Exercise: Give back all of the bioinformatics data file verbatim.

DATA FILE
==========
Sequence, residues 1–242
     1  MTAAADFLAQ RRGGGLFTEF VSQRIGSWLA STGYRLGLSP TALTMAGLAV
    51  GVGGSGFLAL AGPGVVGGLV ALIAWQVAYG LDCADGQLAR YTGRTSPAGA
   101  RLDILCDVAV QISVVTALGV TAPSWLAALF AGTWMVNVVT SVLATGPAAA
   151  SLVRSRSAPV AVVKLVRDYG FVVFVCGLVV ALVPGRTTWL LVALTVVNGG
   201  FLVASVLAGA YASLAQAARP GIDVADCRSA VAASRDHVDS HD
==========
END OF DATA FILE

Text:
Sequence, residues 1–242
     1  MTAAADFLAQ RRGGGLFTEF VSQRIGSWLA STGYRLGLSP TALTMAGLAV
    51  GVGGSGFLAL AGPGVVGGLV ALIAWQVAYG LDCADGQLAR YTGRTSPAGA
   101  RLDILCDVAV QISVVTALGV TAPSWLAALF AGTWMVNVVT SVLATGPAAA
   151  SLVRSRSAPV AVVKLVRDYG FVVFVCGLVV ALVPGRTTWL LVALTVVNGG
   201  FLVASVLAGA YASLAQAARP GIDVADCRSA VAASRDHVDS HD